Finding arguments in his case “meritless,” the 7th Circuit Court of Appeals denied an Indiana immigrant’s petitions for review of removal orders issued by the Board of Immigration Appeals.
Sarbjit Singh was removed from the country a dozen years ago based on his 2004 guilty plea to a state court Class C felony count of corrupt business influence. In exchange for his plea to the racketeering charge, the state dropped charges of fraud, deception, dealing in drug paraphernalia and maintaining a common nuisance.
In 2010, Singh was readmitted to pursue post-conviction relief and attempted to regain lawful permanent resident status. The Elkhart Superior Court then vacated his felony conviction and accepted his reduced plea to a misdemeanor count of deception. Because his removal order was based on a now-vacated conviction, his immigration case was remanded.
At a hearing in 2014, the government lodged new removability charges, alleging Singh had fraudulently procured readmission and overstayed his nonimmigrant visa. It also withdrew the prior charge of removability, erroneously conceding that the moral turpitude provision no longer applied because Singh’s deception conviction was not punishable by a sentence of a year or longer.
About a year later, the government changed that position and issued a new removability petition on the deception conviction. An immigration judge found Singh removable based on the conviction, and the Board of Immigration Appeals agreed, issuing a new final removal order in February 2017.
Before the board ruled, though, Singh was able to negotiate an agreement with the prosecutor to plead guilty to an even lesser charge, dealing in drug paraphernalia. He unsuccessfully moved to reopen and reconsider his case, arguing the now-vacated deception conviction could no longer serve as the basis for removal.
The 7th Circuit Court of Appeals upheld the board’s final order and denied Singh’s appeal Thursday in Sarbjit Singh v. Jefferson B. Sessions III, 17-1579 & 17-2852. Judge Diane Sykes wrote for the panel that under In re Chavez-Martinez, 24 I. & N. Dec. 272, 274 (BIA 2007), a final removal order may be reopened only on a clear showing that a conviction was vacated based on a substantive or procedural defect, not a plea agreement.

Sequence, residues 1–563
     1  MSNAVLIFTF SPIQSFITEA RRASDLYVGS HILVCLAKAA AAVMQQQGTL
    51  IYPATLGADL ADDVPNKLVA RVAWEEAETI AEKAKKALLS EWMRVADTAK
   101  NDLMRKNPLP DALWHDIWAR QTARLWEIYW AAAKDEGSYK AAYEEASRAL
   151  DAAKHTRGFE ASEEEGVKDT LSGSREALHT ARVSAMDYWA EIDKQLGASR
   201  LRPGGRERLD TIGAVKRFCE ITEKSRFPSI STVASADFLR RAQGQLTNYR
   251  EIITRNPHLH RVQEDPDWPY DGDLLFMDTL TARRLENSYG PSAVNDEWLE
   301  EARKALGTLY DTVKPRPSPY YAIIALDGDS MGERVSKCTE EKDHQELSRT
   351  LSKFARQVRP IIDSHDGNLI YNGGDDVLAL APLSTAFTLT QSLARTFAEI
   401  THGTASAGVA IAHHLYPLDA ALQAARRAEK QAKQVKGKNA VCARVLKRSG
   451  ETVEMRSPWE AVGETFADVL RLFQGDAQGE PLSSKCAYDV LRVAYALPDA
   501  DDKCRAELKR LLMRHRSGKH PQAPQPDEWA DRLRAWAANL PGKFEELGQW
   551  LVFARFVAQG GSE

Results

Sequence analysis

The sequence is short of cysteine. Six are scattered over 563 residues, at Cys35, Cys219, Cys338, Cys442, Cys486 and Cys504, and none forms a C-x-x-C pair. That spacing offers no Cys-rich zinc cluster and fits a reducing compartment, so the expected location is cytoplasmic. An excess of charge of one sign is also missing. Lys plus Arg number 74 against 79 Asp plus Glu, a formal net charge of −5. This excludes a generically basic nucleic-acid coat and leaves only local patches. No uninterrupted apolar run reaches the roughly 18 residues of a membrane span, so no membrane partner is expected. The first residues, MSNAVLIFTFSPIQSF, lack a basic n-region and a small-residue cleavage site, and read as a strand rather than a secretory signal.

“On this record it’s no wonder the Board held that Singh had not met his burden under Chavez-Martinez,” Sykes wrote. “No evidence shows that the vacatur was based on a substantive or procedural defect in the conviction. The Board did not abuse its discretion in denying Singh’s motion to reopen,” Sykes wrote.
The appellate court also didn’t buy Singh’s argument that the board erred in determining that the deception conviction was a crime for which a sentence of a year or more could be imposed, or that the phrase “one year or longer” is ambiguous. Deception is by statute punishable by a sentence of up to one year, Sykes wrote, adding, “Ambiguity cannot be created where none exists.
“ … Finally, Singh maintains that the government’s authority to file new charges in removal proceedings is not so broad as to allow it ‘to lodge the exact same charges or allegations repeatedly.’ He emphasizes what he sees as the inequity of allowing the government to file a new charge against him years after his case was reopened. We see no unfairness here,” the panel held, noting the government may bring immigration charges at any time.